ABOUT ZIKA VIRUS
The World Health Organization (WHO) declared Zika virus a Public Health Emergency of International Concern February 1, 2016. The Georgia Department of Public Health and Cobb & Douglas Public Health cautions travelers, especially women who are pregnant, to protect themselves against mosquito bites when heading to countries where Zika virus transmission is ongoing.
WHAT IS IT?
Zika is a viral disease that is transmitted to people by mosquitoes. It is transmitted primarily by Aedes aegypti mosquitoes, which also spreads dengue and chikungunya. Mosquitoes become infected when they bite a person already infected with the virus. Zika virus can be spread during sex by a partner infected with Zika to their partners. Outbreaks have occurred in countries in Africa, Asia, South America, Latin America and the Caribbean. Zika virus usually remains in the blood of an infected person for about a week.
WHAT ARE THE SYMPTOMS?
- Joint Pain
- Conjunctivitis/Pink Eye
Only one in five people infected with the Zika virus will develop symptoms. Symptoms generally begin 2 to 7 days after being bitten by an infected mosquito.
HOW IS ZIKA VIRUS SPREAD?
Zika virus is transmitted to people primarily through the bite of an infected Aedes species mosquito which can be found in Georgia. The mosquitoes bite mostly during the daytime, they do not fly very far, and tend to live around homes. The mosquitoes breed in containers so removing them or dumping out standing water at least once a week, or using larvicides such as mosquito dunks or mosquito torpedoes in water that cannot be dumped out, will reduce the number of these mosquitoes. Zika virus can be spread during sex by a man infected with Zika to his partners.
For more information about Zika virus for specific groups, please click on the links below.
Zika testing guidance for physicians and laboratories:
- Guidance for Physicians
- If you have questions about testing or Zika virus infection, please contact the Epidemiology Program at Georgia Department of Public Health at 404-657-2588 or Cobb & Douglas Public Health Epidemiology at 770-514-2432.
Zika guidance for pregnant women:
- There are urgent concerns about Zika virus infection and pregnant women. Zika virus infections have been confirmed in infants with microcephaly and in the current outbreak in Brazil, a marked increase in the number of infants born with microcephaly has been reported. Pregnant women or women trying to get pregnant should not travel to areas where Zika virus transmission is ongoing.
- Until more is known, pregnant women with male sex partners who have lived in or traveled to an area with Zika virus should either use condoms the right way, every time, for vaginal, anal, or oral (mouth-to-penis) sex or not have sex during the pregnancy.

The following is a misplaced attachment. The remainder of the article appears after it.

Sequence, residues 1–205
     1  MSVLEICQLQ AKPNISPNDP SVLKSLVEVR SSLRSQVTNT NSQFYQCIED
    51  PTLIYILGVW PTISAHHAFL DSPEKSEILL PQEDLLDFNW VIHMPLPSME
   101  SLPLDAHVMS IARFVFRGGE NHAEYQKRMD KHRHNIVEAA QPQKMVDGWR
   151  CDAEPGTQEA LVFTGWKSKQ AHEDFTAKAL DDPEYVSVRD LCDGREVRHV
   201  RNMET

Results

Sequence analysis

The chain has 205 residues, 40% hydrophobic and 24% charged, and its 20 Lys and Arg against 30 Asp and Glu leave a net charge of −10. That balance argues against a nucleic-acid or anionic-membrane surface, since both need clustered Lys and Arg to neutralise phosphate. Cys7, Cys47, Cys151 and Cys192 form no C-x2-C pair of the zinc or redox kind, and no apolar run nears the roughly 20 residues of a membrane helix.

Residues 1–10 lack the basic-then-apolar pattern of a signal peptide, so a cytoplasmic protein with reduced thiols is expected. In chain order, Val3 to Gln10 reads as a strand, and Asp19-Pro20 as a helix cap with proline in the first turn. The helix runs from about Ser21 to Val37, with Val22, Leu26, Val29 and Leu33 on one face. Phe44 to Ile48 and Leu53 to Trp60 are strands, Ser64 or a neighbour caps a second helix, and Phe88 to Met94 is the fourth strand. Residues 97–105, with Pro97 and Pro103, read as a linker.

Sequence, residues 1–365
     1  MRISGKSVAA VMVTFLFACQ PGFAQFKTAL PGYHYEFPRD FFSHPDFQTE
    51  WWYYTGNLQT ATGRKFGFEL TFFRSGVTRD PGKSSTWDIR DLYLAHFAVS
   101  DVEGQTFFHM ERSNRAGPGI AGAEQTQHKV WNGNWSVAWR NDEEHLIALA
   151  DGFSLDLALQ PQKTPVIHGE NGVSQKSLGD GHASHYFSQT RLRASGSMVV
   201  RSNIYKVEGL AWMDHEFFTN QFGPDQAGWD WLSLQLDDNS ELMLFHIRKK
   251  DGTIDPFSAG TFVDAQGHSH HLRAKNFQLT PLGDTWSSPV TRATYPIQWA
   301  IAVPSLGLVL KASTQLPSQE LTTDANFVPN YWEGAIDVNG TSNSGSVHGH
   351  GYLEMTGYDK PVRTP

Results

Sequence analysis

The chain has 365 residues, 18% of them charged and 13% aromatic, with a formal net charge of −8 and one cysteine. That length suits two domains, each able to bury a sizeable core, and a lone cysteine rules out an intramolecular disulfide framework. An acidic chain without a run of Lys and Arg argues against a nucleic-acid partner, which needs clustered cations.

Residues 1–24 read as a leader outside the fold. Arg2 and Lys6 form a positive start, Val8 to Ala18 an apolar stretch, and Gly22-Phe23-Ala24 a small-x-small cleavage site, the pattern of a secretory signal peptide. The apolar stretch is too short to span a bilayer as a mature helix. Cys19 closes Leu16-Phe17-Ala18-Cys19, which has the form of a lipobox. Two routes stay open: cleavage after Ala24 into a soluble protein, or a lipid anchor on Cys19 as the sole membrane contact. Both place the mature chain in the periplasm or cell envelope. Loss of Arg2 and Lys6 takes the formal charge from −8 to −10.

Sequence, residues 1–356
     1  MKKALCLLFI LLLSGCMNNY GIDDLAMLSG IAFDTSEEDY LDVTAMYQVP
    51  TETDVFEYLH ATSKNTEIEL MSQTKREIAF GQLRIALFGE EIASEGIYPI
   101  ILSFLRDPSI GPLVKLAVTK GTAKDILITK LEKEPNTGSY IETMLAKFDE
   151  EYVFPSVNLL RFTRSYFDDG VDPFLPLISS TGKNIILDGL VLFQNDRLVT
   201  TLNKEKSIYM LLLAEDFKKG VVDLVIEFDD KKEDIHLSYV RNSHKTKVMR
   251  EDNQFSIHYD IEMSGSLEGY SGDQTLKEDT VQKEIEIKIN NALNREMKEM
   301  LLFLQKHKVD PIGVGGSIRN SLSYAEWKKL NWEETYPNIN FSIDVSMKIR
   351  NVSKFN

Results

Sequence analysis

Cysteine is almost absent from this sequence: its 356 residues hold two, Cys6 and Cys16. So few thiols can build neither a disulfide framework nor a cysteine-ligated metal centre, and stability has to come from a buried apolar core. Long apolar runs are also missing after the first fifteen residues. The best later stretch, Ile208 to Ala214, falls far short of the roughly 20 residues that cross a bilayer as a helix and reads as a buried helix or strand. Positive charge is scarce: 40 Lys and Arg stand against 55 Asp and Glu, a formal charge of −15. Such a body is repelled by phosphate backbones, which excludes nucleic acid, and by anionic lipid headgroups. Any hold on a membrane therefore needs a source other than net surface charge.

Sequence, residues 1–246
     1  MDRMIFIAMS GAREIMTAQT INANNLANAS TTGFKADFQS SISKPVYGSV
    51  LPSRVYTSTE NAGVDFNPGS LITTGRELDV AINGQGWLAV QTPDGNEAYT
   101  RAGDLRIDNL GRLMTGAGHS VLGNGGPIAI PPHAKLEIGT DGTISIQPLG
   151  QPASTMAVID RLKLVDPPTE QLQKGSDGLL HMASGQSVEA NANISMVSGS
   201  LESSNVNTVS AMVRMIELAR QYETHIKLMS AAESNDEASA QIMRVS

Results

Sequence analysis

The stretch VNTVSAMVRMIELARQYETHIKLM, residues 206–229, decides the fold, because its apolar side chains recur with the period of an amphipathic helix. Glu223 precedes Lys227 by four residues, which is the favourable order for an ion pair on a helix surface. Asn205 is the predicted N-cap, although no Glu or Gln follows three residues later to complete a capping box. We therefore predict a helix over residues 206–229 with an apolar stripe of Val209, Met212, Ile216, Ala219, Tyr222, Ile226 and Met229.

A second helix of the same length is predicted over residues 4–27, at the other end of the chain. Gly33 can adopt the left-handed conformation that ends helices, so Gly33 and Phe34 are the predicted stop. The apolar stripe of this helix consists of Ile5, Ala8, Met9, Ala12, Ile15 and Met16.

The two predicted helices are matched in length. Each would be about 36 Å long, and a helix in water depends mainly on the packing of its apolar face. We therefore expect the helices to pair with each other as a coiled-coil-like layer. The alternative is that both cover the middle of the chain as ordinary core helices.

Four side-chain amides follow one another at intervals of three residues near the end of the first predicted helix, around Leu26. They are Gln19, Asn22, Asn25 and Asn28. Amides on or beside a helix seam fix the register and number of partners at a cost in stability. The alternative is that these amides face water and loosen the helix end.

- If a pregnant woman is concerned that her male partner may have or had Zika virus infection, she should talk to her healthcare provider. She should tell her healthcare provider about her male partner’s travel history, including how long he stayed, whether or not he took steps to prevent getting mosquito bites, and if she had sex with him without a condom since his return.
- Women trying to get pregnant and their male partners should talk to their healthcare provider before traveling to areas with Zika. Because sexual transmission is possible, both men and women should strictly follow steps to prevent mosquito bites during the trip.
Zika guidance for non-pregnant individuals, including travelers and property owners:
Travelers: Currently, there is no vaccine to prevent or medicine to treat Zika. Travelers should check CDC travel advisories for their destinations and take precautions to protect themselves from mosquitoes:
- Wear long-sleeved shirts and long pants
- Use EPA-registered insect repellents containing DEET, picaridin, oil of lemon eucalyptus (OLE), or IR3535 (use as directed)
- Use permethrin-treated clothing and gear (such as boots, pants, socks, and tents)
- Stay and sleep in screened-in or air-conditioned room
- Upon returning to the U.S., be especially vigilant to guard against mosquito bites, as Zika virus can be passed from an infected person to another mosquito through mosquito bites. An infected mosquito can then transmit the virus to other people and lead to local transmission.
- Please visit http://wwwnc.cdc.gov/travel/page/zika-travel-information for the most updated travel notices.
Property Owners: CDPH urges property owners to Tip ‘n Toss – Tip ‘n Toss Campaign Aims to Prevent Spread of Zika in Cobb and Douglas Counties
Zika information for kids:
What is Cobb & Douglas Public Health (CDPH) doing about Zika Virus?
- Mosquito complaints are routinely investigated by the CDPH Environmental Health staff under the authority of the local nuisance ordinance and OCGA 31-3-6.
- During warm weather months and into the fall, CDPH will have two part-time seasonal staff that are funded by Cobb County, which are used solely for mosquito complaint investigations and larviciding of public property.
- The Georgia Department of Public Health is supporting mosquito trapping and identification throughout the state, which includes the assignment of a regional Vector Surveillance Coordinator (VSC) to provide these services in Cobb, Douglas and Fulton counties. In addition to mosquito surveillance, the VSC is performing community vector assessments and collaborating with existing city/county/contracted mosquito control agencies to assist them in their mosquito control activities.
- The CDPH Epidemiology team will continue to coordinate testing for ALL suspect Zika cases in Cobb and Douglas counties.
FOR MORE INFORMATION:
Centers for Disease Control and Prevention (CDC). Accessed 6/2016
View the June 1, 2016 episode of Spotlight on Public Health, highlighting the Zika Virus.